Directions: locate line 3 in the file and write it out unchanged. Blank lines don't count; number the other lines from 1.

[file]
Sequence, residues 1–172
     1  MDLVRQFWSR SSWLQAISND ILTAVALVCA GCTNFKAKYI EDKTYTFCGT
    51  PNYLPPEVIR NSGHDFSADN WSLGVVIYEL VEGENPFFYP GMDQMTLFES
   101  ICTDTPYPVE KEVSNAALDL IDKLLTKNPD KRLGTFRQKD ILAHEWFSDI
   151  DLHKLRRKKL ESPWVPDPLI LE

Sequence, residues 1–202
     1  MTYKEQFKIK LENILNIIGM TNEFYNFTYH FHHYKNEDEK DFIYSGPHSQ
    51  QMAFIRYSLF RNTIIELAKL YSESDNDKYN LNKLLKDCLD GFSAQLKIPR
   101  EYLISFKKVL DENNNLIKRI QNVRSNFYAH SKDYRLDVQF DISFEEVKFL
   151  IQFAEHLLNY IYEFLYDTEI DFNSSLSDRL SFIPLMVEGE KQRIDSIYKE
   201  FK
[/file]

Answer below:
    51  PNYLPPEVIR NSGHDFSADN WSLGVVIYEL VEGENPFFYP GMDQMTLFES